This portrait and its pendant, Margaretha van Clootwijk (born about 1580/81, died 1662), Wife of Jacob van Dalen
) are late works by Mierevelt, dated 1640 and 1639, respectively. The difference in dates is not unusual in Dutch pair portraits, and probably indicates that the commission was executed in the winter months.
The family crests allowed Moes (1897) to identify the sitters; their gravestones in the Oude Kerk, Delft, bear the same crests. Jacob van Dalen (or Dael), known professionally by the Latinized form of his name, Vallensis, was born in Speyer, Germany. His father was a preacher, Theodorus van Dale, and his mother was Maria van Wassenaer Hanecops. He studied medicine at the University of Leiden from 1589 to 1593, then moved to Delft and became the personal physician of the Stadholders Prince Maurits (1567–1625) and Prince Frederick Hendrick (1584–1647) in the neighboring city of The Hague. The same eminent doctor appears in a group portrait of 1617, The Anatomy Lesson of Dr. Willem van der Meer
(Oude- en Nicuwe Gasthuis, Delft), which bears a Latin inscription to the effect that Mierevelt drew the composition and his son Pieter carried out the painting.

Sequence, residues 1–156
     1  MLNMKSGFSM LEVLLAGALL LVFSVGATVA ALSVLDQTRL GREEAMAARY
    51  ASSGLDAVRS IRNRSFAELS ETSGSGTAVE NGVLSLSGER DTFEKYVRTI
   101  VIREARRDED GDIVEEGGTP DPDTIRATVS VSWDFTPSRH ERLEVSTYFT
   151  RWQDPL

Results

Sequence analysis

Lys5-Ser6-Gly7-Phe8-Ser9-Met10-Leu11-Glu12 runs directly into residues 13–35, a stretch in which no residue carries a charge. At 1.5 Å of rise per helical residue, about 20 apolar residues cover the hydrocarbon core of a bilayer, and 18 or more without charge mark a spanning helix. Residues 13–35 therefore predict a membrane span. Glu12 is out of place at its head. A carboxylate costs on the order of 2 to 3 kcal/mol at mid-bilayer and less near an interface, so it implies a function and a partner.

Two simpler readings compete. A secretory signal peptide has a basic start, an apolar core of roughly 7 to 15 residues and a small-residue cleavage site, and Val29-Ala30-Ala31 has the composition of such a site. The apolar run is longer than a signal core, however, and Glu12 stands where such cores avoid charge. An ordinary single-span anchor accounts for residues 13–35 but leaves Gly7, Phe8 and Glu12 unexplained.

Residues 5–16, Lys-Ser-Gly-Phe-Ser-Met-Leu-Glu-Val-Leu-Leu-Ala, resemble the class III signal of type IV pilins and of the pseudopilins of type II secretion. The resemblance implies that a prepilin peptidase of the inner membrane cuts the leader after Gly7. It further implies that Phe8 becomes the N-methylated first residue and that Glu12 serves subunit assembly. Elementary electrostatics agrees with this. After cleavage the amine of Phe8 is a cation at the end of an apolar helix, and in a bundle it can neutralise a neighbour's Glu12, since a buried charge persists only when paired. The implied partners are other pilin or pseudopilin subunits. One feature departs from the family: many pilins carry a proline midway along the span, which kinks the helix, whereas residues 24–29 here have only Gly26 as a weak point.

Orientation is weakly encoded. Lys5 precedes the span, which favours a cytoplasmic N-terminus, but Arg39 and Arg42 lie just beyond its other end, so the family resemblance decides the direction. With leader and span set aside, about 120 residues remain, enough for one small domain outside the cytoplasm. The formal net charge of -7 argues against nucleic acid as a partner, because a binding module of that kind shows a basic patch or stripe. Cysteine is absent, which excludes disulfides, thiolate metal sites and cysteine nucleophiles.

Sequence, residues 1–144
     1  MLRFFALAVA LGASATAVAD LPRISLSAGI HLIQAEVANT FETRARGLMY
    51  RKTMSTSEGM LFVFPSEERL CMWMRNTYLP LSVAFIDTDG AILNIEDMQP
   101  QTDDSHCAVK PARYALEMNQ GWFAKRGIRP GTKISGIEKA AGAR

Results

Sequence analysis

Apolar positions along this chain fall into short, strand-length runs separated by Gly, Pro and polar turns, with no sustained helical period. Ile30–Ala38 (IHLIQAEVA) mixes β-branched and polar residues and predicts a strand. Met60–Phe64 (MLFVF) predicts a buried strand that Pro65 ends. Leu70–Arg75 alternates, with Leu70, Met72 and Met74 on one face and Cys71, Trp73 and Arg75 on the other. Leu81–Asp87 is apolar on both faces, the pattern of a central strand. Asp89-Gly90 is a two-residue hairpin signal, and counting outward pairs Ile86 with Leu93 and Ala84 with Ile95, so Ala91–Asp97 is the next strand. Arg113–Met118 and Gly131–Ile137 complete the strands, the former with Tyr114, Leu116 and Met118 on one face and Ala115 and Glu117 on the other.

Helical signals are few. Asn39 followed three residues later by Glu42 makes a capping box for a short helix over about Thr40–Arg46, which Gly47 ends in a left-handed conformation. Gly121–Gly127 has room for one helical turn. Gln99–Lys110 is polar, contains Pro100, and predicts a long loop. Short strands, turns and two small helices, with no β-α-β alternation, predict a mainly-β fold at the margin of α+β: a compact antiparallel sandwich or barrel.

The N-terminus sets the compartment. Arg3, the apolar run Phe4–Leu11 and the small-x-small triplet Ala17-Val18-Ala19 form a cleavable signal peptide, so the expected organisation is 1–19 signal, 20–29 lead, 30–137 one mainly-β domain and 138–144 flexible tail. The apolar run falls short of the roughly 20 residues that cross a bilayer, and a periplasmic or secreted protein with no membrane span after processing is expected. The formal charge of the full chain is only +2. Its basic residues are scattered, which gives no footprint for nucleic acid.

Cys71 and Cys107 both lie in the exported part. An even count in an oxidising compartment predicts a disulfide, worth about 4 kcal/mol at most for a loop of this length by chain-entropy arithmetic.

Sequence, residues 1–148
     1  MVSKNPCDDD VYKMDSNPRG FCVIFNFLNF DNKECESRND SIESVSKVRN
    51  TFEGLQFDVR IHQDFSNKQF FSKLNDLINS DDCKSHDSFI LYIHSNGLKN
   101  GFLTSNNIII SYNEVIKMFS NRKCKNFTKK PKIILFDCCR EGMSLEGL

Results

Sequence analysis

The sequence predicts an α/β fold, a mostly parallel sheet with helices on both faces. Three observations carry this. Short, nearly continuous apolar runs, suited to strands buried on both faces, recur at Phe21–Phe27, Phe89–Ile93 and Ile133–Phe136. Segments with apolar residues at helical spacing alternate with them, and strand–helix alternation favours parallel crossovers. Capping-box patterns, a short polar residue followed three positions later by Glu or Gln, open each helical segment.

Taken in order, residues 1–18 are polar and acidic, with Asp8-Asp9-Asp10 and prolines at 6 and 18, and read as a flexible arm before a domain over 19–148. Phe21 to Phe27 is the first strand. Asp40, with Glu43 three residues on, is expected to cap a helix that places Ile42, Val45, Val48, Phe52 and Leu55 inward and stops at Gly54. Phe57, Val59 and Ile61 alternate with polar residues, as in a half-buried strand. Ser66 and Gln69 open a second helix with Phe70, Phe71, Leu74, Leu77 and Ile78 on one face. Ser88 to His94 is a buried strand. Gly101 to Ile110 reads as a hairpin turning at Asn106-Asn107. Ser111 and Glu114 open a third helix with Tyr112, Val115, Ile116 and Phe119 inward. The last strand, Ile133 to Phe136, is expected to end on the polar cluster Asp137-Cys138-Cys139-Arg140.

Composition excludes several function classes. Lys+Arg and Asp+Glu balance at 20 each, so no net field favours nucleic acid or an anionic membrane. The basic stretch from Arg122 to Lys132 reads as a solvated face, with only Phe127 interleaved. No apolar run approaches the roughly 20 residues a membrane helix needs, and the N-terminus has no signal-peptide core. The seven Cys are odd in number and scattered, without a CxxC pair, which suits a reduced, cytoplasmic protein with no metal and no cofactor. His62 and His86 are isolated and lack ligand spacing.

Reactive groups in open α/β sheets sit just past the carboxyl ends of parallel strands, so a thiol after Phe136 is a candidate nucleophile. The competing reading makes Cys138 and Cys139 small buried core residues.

Margaretha van Clootwijk, Van Dalen's second wife, was the daughter of Matthijs van Clootwijk, a burgomaster of Geertruidenberg (North Brabant), and Henrica van Drimmelen.
The 1641 inventory of Mierevelt's estate records that "Dr. Valentius" was to receive four large and two small portraits of himself and his wife that remained in the artist's house. The other versions of the present pictures are now unknown, and it is difficult to say whether The Met's panels are the small pendants or one of the larger pairs. The document also suggests that Mierevelt's grandson and heir to his studio, Jacob Willemsz Delff the Younger (1619–1661), painted the costumes in these pictures.
[2017; adapted from Liedtke 2007]